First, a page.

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This is a post from the weareoca.com archive. Information contained within it may now be out of date.
OCA MA Fine Art student James Kowacz reports on a recent visit:
I recently visited a new exhibition space in London that I hadn’t visited before at London Docklands which was a pleasant surprise. The Museum of London, Docklands, is set in the heart of West India Quay surrounded by waterfront restaurants and quaint boats moored in the docks, it offered an excellent fresh exhibition space and a fantastic selection of work to boot.
The exhibition is called Estuary and expectedly, is based upon works that discuss the magnificence of the Thames. The exhibition houses a range of works from oil paintings by Michael Andrews, video from Anne Bean, Paul Burwell and Richard Wilson and photogravures from Christiane Baumgartner.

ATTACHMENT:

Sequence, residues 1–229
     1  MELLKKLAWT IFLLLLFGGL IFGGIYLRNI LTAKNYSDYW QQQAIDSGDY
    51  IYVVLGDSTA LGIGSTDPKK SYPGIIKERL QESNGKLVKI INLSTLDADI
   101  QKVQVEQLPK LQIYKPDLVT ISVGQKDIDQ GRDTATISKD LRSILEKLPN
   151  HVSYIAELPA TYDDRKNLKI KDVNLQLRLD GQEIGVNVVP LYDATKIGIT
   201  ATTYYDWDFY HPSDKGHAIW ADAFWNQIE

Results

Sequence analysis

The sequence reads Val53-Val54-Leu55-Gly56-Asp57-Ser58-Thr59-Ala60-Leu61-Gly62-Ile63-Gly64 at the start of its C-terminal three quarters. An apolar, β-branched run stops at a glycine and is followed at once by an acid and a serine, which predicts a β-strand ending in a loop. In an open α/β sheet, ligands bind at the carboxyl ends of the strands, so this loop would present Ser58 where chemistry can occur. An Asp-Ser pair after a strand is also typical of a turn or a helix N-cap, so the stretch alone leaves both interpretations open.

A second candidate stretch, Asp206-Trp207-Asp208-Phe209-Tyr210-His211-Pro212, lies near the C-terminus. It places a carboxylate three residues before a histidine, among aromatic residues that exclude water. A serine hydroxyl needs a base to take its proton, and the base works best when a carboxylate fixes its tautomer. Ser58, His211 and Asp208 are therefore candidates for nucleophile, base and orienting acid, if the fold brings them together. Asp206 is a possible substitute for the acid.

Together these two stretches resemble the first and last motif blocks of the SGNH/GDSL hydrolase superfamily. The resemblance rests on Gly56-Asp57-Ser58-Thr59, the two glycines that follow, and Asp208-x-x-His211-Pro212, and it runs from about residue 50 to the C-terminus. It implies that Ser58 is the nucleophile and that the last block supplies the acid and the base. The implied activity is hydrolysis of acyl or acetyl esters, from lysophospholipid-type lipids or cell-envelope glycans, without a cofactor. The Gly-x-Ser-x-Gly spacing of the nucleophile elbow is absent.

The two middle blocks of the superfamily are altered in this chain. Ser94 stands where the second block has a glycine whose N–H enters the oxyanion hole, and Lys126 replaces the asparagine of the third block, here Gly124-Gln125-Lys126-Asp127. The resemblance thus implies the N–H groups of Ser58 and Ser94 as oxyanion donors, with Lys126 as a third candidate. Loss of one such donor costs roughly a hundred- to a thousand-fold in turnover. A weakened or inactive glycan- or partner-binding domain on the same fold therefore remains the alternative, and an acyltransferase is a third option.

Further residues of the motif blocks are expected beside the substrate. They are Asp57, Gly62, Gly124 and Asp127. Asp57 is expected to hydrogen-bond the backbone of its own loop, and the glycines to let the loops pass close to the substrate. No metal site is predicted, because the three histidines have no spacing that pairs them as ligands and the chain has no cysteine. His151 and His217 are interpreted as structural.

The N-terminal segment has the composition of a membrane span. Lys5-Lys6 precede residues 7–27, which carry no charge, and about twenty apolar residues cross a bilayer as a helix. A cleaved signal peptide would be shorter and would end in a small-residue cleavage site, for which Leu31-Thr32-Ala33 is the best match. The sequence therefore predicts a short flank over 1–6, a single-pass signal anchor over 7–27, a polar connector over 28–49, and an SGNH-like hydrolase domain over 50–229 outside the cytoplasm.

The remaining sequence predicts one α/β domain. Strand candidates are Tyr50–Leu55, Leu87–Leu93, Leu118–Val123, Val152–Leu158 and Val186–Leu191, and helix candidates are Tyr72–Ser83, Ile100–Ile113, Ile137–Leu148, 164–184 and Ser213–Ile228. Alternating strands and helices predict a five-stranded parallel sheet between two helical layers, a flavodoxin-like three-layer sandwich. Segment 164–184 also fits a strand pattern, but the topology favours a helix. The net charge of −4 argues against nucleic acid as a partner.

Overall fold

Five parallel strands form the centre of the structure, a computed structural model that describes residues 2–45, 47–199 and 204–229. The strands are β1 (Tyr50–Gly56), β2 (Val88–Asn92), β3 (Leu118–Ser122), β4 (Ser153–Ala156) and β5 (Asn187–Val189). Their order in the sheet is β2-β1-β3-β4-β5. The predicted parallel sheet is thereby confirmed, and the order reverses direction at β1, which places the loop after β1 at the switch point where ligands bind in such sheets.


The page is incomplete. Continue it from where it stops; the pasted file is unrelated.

One of the stand-out pieces was ‘Seafort Project’ (2005) by Stephen Turner. A twin screen slide projection documenting a 36 day residence on one of the Maunsell Forts that are left rotting and rusting in the river estuary. This time period reflected the average tour of duty military personnel might spend on the fort during the Second World War. He used this time as “an artistic exploration of isolation, investigating how one’s experience of time and place is affected by solitude.” It resulted is a selection of images and actions that Turner created whilst being there.
What really came across in the exhibition was the sense of vastness, scale and power of the estuary. For someone that hasn’t visited places like Southend, the Isle of Sheppey and the derelict industrial units that line the estuary, it really drew me in and really made me want to visit these somewhat magical looking places.
Regardless of your history or connection with London I found the exhibition very thought provoking and the rest of the museum particularly interesting, looking at the river’s history with trade, slave trading and  the various incarnations of the world famous London Bridge. Well worth a visit.
The Museum of London Docklands
17th May – 27th October 2013
Admission: Free

Posted by author: Jane Parry
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